Denosumab (Injection)

Introduction

Denosumab (den-OSE-ue-mab)

Treats osteoporosis (thinning of the bones) in women after menopause who have an increased risk for fractures.

Brand Name(s)

There may be other brand names for this medicine.

Xgeva, Prolia

When This Medicine Should Not Be Used

You should not receive this medicine if you have had an allergic reaction to denosumab, or if you have very low calcium in your blood (hypocalcemia).

How to Use This Medicine

Injectable

  • Your doctor will prescribe your exact dose and tell you how often it should be given. This medicine is given as a shot under your skin. This medicine is usually given under the skin of your upper arm, upper thigh, or stomach.
  • A nurse or other trained health professional will give you this medicine.
  • Your doctor may also give you vitamin D and calcium supplements. Follow your doctor's instructions about how to take these medicines.
  • This medicine should come with a Medication Guide. Read and follow these instructions carefully. Ask your doctor or pharmacist if you have any questions. Ask your pharmacist for the Medication Guide if you do not have one. Your doctor might ask you to sign some forms to show that you understand this information.

If a dose is missed:

  • Call your doctor or pharmacist for instructions.

Drugs and Foods to Avoid

Ask your doctor or pharmacist before using any other medicine, including over-the-counter medicines, vitamins, and herbal products.

  • Make sure your doctor knows if you are using medicines that weaken your immune system, such as a steroid or cancer medicines.

Warnings While Using This Medicine

  • Make sure your doctor knows if you are pregnant or breastfeeding, or if you have kidney disease, anemia, blood clotting problems, cancer, eczema, a skin rash or infection, problems with absorbing food, gum or dental problems, or dentures that do not fit very well. Tell your doctor if you have an underactive parathyroid gland, or if you have had parathyroid surgery, thyroid surgery, or any mouth surgery.
  • This medicine may cause hypocalcemia (low calcium in the blood). A low blood calcium must be treated before you receive this medicine. Call your doctor right away if you have muscle spasms or twitching, or numbness or tingling in your fingers, toes, or around your mouth.
  • This medicine may increase your risk of developing infections. Avoid being near people who are sick or have infections while you are using this medicine. Check with your doctor right away if you have a fever or chills; red, swollen skin; severe abdominal or stomach pain; or burning or painful urination.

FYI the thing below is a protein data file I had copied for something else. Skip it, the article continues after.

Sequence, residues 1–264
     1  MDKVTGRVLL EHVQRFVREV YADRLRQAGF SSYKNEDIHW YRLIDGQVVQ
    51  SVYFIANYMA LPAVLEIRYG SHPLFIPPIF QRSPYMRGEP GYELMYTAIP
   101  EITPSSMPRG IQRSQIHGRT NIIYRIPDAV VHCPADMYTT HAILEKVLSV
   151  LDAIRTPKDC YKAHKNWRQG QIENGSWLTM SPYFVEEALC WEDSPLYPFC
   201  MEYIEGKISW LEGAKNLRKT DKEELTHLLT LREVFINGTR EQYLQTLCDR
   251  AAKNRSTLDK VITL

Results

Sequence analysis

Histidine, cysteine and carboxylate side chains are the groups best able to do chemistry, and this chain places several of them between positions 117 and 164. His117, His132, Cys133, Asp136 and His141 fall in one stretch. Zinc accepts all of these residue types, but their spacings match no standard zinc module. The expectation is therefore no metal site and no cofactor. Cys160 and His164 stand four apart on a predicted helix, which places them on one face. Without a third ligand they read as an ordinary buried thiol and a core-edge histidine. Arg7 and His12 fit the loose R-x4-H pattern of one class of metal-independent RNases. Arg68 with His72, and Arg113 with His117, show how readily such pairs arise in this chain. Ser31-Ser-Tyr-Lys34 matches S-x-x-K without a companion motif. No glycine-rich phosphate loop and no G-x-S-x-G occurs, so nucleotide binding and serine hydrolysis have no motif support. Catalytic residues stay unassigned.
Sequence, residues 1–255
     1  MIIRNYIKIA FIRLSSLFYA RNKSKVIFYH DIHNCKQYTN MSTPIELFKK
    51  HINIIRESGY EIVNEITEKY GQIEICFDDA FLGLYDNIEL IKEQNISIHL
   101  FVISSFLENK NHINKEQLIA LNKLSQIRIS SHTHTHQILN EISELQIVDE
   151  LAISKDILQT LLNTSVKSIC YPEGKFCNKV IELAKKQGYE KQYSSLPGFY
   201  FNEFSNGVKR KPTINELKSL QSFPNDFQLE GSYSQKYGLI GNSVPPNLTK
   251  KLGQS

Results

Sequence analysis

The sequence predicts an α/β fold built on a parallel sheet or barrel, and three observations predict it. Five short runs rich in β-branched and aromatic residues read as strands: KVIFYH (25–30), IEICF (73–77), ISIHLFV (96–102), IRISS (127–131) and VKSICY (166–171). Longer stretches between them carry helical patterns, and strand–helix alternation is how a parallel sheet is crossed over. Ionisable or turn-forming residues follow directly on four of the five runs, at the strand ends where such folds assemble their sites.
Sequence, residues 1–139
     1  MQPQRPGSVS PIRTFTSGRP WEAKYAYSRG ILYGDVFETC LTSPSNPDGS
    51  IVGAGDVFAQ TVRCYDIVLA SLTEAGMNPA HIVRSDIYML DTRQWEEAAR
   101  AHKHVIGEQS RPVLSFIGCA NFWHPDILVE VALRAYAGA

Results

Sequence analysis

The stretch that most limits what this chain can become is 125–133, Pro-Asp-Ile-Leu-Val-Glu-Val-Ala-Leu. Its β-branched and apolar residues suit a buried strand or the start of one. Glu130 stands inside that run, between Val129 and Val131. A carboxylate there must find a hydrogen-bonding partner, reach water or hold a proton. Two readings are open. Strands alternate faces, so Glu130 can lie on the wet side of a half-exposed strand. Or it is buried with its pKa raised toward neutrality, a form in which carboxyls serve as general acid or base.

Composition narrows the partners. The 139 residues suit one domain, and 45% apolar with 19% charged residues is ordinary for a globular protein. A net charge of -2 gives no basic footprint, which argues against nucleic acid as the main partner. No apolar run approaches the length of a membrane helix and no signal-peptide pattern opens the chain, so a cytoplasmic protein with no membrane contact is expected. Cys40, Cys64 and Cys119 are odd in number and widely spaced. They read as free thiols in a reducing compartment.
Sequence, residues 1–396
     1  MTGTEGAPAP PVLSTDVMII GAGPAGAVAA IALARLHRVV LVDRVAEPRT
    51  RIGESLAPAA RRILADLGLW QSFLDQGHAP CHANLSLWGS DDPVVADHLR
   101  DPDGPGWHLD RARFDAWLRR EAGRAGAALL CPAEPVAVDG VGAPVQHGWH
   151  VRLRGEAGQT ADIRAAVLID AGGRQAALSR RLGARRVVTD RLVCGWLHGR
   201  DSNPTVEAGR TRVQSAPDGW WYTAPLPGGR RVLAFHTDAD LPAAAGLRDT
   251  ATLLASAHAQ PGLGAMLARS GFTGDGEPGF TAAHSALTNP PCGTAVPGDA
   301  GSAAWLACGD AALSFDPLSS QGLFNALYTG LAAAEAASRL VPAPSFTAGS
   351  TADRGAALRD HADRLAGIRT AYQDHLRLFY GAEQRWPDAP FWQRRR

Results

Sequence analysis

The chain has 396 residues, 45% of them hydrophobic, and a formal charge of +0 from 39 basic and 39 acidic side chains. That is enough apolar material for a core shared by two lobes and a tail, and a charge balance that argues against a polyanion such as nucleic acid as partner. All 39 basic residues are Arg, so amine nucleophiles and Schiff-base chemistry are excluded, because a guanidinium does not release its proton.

• Skin problems may occur after receiving this medicine. Check with your doctor right away if you have any of the following symptoms that do not go away or get worse: blistering, crusting, irritation, itching, or reddening of the skin; cracked, dry, or scaly skin; rash; or swollen skin.
  • It is important that you tell all of your doctors that you are using denosumab injection, including your dentist. If you are having dental procedures while receiving this medicine, you may have an increased chance of having a severe problem with your jaw. Make sure you tell your doctor or dentist about any new problems, such as pain or swelling, with your teeth or jaw.
  • The needle cover of the prefilled syringe contains dry natural rubber (a derivative of latex), which may cause allergic reactions in people who are sensitive to latex. Tell your doctor if you have a latex allergy before you start using this medicine.
  • Your doctor will need to check your progress at regular visits while you are using this medicine. Be sure to keep all appointments. Blood tests may be needed to check for unwanted effects.

Possible Side Effects While Using This Medicine

Call your doctor right away if you notice any of these side effects:

  • Allergic reaction: Itching or hives, swelling in your face or hands, swelling or tingling in your mouth or throat, chest tightness, trouble breathing.
  • Blistering, peeling, or red skin rash.
  • Changes in how much or how often you urinate, or painful urination.
  • Chest pain or a fast, uneven heartbeat.
  • Fever, chills, cough, runny or stuffy nose, sore throat, and body aches.
  • Heavy feeling in the jaw.
  • Loose teeth or problems with the teeth.
  • Pain, swelling, or numbness in the mouth or jaw.
  • Redness, pain, itching, burning, swelling, or a lump under your skin where the shot was given.
  • Severe bone, muscle, or back pain.
  • Sudden and severe stomach pain, nausea, vomiting, and lightheadedness.
  • Swelling in your hands, ankles, or feet.
  • Unusual bleeding, bruising, or weakness.

If you notice these less serious side effects, talk with your doctor:

  • Mild back pain or joint pain.
  • Mild skin rash.
  • Heartburn, gas, or stomach pain.
  • Trouble sleeping.

If you notice other side effects that you think are caused by this medicine, tell your doctor

Call your doctor for medical advice about side effects. You may report side effects to FDA at 1-800-FDA-1088

Review Date: 2011-02-04 Reviewed By: Keywords: ,
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